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ORIGINAL ARTICLE
Year : 2021  |  Volume : 5  |  Issue : 4  |  Page : 103-111

A comparative epidemiology model for understanding mental morbidity and planning health system response to the COVID-19 pandemic


Alberta Health Services, Child and Adolescent Addiction and Mental Health and Psychiatry Program; Department of Psychiatry; Department of Community Health Sciences, The University of Calgary, Cumming School of Medicine, Calgary, Canada

Correspondence Address:
Prof. David Cawthorpe
Alberta Health Services, Child and Adolescent Addiction and Mental Health and Psychiatry Program, Calgary; Department of Psychiatry and Community Health Sciences, The University of Calgary, Cumming School of Medicine, Calgary; Department of Community Health Sciences, The University of Calgary, Cumming School of Medicine, Calgary
Canada
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Source of Support: None, Conflict of Interest: None


DOI: 10.4103/hm.hm_60_21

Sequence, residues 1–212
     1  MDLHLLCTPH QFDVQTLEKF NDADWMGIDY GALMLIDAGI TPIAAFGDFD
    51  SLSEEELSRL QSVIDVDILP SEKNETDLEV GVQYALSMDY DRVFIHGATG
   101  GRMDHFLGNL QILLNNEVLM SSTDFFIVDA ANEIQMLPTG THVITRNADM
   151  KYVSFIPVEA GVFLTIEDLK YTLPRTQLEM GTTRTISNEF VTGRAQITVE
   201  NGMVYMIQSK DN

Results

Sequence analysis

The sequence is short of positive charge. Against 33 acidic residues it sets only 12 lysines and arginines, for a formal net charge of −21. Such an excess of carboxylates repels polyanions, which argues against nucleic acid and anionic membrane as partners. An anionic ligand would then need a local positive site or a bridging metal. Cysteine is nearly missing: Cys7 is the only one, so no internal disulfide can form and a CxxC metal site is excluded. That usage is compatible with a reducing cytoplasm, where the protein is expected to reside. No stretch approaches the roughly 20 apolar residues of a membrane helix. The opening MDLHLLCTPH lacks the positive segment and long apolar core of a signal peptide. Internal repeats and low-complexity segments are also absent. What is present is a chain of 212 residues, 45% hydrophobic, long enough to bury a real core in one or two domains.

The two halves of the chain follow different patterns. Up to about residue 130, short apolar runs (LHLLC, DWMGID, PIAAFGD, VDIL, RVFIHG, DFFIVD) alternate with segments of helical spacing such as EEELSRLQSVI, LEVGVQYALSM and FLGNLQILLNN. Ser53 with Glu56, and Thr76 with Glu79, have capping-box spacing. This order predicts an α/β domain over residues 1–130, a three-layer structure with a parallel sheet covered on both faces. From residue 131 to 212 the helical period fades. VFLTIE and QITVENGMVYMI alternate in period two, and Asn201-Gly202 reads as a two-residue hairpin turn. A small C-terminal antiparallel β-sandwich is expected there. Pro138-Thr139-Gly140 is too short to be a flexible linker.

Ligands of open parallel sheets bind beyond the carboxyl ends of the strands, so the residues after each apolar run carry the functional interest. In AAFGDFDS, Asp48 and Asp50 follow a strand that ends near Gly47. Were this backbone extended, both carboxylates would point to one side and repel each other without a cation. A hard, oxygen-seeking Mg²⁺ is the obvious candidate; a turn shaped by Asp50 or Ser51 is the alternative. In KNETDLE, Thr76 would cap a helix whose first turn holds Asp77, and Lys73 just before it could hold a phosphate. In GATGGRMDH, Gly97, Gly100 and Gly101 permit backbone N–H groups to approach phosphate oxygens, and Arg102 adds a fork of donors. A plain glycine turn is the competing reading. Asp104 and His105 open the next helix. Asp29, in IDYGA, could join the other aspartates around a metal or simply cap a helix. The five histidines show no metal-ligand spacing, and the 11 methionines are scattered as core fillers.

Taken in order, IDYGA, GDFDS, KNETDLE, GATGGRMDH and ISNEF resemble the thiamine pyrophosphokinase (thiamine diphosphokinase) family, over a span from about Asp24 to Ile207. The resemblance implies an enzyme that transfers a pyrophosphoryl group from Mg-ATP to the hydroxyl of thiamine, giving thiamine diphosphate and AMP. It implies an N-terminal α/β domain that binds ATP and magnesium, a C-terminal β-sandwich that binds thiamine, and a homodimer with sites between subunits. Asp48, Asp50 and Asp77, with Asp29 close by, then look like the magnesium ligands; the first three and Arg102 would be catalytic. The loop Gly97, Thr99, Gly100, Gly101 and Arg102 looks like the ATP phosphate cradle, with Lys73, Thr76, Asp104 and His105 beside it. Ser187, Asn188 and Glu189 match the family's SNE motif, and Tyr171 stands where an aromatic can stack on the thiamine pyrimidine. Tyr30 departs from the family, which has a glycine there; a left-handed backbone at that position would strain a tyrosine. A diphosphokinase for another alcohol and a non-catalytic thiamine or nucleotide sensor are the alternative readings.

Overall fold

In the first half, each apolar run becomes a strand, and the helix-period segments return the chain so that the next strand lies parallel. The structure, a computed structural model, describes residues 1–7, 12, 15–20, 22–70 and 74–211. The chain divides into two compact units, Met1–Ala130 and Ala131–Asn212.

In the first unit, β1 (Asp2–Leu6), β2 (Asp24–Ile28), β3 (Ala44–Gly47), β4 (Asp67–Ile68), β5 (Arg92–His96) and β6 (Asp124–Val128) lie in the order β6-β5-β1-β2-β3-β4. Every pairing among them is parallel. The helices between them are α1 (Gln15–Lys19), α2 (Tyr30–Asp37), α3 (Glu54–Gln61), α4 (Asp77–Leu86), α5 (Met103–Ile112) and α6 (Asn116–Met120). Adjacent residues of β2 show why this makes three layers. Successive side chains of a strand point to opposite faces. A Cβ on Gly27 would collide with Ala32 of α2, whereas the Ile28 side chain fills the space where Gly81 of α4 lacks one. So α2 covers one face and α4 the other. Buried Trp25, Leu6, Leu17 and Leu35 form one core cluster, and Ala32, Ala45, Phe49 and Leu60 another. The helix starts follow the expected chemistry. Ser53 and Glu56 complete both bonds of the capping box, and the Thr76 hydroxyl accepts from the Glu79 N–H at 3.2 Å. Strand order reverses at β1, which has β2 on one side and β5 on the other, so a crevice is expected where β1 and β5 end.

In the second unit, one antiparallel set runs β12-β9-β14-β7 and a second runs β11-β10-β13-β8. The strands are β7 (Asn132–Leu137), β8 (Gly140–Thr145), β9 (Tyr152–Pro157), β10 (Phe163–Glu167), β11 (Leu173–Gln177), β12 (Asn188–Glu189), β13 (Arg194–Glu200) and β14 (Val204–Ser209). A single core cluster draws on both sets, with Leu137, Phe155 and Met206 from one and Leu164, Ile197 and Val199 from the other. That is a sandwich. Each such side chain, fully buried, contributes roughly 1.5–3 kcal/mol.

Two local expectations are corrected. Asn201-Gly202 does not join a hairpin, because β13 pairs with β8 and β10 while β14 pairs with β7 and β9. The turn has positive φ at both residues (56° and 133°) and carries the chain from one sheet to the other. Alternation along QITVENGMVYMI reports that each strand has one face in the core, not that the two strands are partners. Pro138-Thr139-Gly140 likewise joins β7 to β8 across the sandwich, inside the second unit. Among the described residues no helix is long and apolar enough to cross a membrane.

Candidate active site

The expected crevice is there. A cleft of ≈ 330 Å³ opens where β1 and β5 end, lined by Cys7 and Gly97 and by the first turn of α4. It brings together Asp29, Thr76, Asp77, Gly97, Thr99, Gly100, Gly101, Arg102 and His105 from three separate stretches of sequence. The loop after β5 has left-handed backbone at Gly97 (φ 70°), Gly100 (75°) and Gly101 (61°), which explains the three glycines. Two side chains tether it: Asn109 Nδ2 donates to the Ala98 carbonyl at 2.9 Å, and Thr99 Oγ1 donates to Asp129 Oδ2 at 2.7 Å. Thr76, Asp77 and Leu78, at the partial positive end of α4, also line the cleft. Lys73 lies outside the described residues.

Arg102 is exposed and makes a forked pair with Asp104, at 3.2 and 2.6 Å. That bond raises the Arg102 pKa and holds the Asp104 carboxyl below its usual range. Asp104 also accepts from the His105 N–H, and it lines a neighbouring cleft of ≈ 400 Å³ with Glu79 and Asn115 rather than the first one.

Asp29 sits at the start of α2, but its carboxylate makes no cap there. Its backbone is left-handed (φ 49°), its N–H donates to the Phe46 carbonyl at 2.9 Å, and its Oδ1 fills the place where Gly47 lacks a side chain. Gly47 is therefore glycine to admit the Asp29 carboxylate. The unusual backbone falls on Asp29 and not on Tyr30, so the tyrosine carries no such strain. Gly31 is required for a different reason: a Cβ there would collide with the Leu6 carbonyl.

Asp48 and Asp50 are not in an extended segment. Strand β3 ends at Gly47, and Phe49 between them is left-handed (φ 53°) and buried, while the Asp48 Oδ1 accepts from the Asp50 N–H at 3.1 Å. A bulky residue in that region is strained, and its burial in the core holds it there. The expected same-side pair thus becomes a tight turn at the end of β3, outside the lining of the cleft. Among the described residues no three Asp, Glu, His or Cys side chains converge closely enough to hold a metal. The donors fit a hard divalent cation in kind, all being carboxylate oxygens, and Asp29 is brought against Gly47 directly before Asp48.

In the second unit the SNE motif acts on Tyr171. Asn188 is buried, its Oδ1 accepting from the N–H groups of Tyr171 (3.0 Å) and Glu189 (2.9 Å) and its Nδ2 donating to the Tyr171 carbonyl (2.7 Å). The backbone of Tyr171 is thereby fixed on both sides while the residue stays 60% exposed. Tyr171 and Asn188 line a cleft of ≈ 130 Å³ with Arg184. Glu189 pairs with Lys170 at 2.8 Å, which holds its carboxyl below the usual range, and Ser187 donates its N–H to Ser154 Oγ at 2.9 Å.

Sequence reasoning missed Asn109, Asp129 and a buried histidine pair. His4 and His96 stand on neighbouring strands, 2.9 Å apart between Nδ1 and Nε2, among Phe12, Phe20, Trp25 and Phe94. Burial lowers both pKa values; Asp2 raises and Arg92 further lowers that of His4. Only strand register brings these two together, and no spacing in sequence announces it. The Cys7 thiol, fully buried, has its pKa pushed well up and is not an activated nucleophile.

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Introduction: This particular coronavirus disease is a pandemic giving rise to great global affliction and uncertainty, even among those who have dedicated their lives to health care or the study of disease, or both. Notwithstanding those directly affected, the lives of all people have been turned upside down. Each person has to cope with her or his personal situation and a story is taking shape for everyone on earth. Coronavirus disease (COVID-19) is caused by the severe acute respiratory syndrome coronavirus 2 virus, the source of the 2020 pandemic. This paper contains brief highlights from a duplicable PubMed search of the COVID-19 literature published from January 1 to March 31, 2020, as well as a duplicable search of past influenza-related publications. Excerpts from select papers are highlighted. The main focus of this paper is a descriptive analysis of influenza and other respiratory viruses based on a 16-year population-based dataset. In addition, the paper includes analyses based on the presence or absence of mental disorder (MD) in relation to influenza and all other respiratory viruses. Methods: The investigation is descriptive and exploratory in nature. Employing a case-comparison design, a 16-year population-based dataset was analyzed to both understand the present and plan for the future. While not all viral infections are equal, this paper focuses on system responses by describing the epidemiology of respiratory viruses, such as influenza. Influenza is established in the global population and has caused epidemics in the past. Where possible direct comparisons are made between COVID-19, influenza, and other respiratory viruses. Results: Those with MD had a higher rate of viral infection per 100,000 capita compared to those with the viral infection and no MD. Further, the postviral infection MD rate was not higher compared to the MD per capita rate before viral infection. The postinfluenza rate of MD among those who were without mental disorder before influenza represents an estimate of postinfection mental health burden. Conclusions: In summary, those with preinfluenza MD are at greater risk for viral infection. Further, while the postviral infection MD rate was not higher compared to the MD per capita rate before viral infection, this independent estimate may inform the degree to which services may need to undergo a sustained increase to address the bio psychosocial needs of each served population were COVID-19 to persist and become established in the global population.


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